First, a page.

MUNCIE — Christopher Burrows got the best possible treat last Halloween.
That’s the day he and his mother, Claudia Burrows, brought home Stitch, the service dog they’d been working toward for the past year.
Claudia has ALS (amyotrophic lateral sclerosis), also known as Lou Gehrig’s disease, while Christopher has autism and other medical problems.
The family and their friends worked to raise funds to pay for the dog’s training, and then to allow Christopher and his mother to travel to Ohio in October to pick the dog up and get a little training themselves.
“We can’t imagine life without Stitch,” Claudia Burrows wrote in an e-mail. “He is a wonderful companion to us and he’s very nurturing of Christopher. Christopher is definitely ‘Stitch’s Boy’!”
Named by Christopher after one of the title characters in the Disney movie Lilo and Stitch, the 1-year-old black Labrador retriever mix was rescued from a pound and partially trained in the Ohio prison system before coming home with the Burrowses.
Stitch helps Claudia and Christopher by, among other tasks, pulling a strap to open doors, pushing buttons or just standing still to help Claudia keep her balance when she’s not in her wheelchair. Beyond that, the dog also provides comfort and behavioral intervention for Christopher, nuzzling him or laying his head in Christopher’s lap or even straddling the boy’s legs to help calm him. Stitch is also trained to “tether” to Christopher to keep him from wandering away in places like store checkouts, and is learning to track him in case Christopher wanders away from home.
Since coming home, Stitch has grown to “90-plus pounds of pure muscle,” Claudia reported. Sleeping with Christopher, Stitch takes up two-thirds of the full-sized bed, she added: “We’re happy that Stitch is large, though, because his size and strength make him more helpful for a growing boy and a mom who is losing her strength.”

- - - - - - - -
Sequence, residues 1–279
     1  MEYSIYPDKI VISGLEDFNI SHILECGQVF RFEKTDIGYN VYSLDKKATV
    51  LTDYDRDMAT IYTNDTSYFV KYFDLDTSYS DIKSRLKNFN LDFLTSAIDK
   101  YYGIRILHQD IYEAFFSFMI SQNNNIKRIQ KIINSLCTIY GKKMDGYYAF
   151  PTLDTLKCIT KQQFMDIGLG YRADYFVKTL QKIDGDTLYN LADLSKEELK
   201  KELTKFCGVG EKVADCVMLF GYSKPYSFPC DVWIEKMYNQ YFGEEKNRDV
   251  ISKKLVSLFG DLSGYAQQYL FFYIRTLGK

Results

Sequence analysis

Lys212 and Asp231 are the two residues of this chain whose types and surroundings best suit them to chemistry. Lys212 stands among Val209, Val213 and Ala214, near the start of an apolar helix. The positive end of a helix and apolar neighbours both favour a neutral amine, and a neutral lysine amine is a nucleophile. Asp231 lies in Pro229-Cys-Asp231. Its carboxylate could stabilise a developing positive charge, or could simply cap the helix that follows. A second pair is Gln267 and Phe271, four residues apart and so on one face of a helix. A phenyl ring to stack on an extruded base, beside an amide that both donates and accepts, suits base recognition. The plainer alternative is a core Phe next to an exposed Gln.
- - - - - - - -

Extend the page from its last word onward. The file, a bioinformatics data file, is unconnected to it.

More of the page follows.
Christopher has had a good year health-wise, and has taken to homeschooling, which allows him one-on-one attention and no losing school time due to illness. The presence of a dog, “a kid-magnet,” has helped him socially, as well.
Claudia, meanwhile, has dealt with the slow progression of her illness with its related pains and difficulties, on top of treatments for an unrelated immune deficiency. Last month, she was one of 31 ALS patients profiled in the Muscular Dystrophy Association’s “Anyone’s Life Story” national campaign for ALS Awareness Month.
“I’m proud and honored to have been chosen to share my story through the MDA’s awareness campaign,” Burrows said. “ALS is considered an ‘orphan disease,’ meaning that not ‘enough’ people have it at any one time to make it profitable for drug companies to work on finding a treatment or cure. The more people become aware of what ALS ‘looks like’ and what dramatic effects it has on patients and their families, the more organizations like MDA (www.als-mda.org ) or ALS-TDI (ALS Therapy Development Institute, www.als.net) will get the support they need to help find a cure!”
Copyright ©2009 The Star Press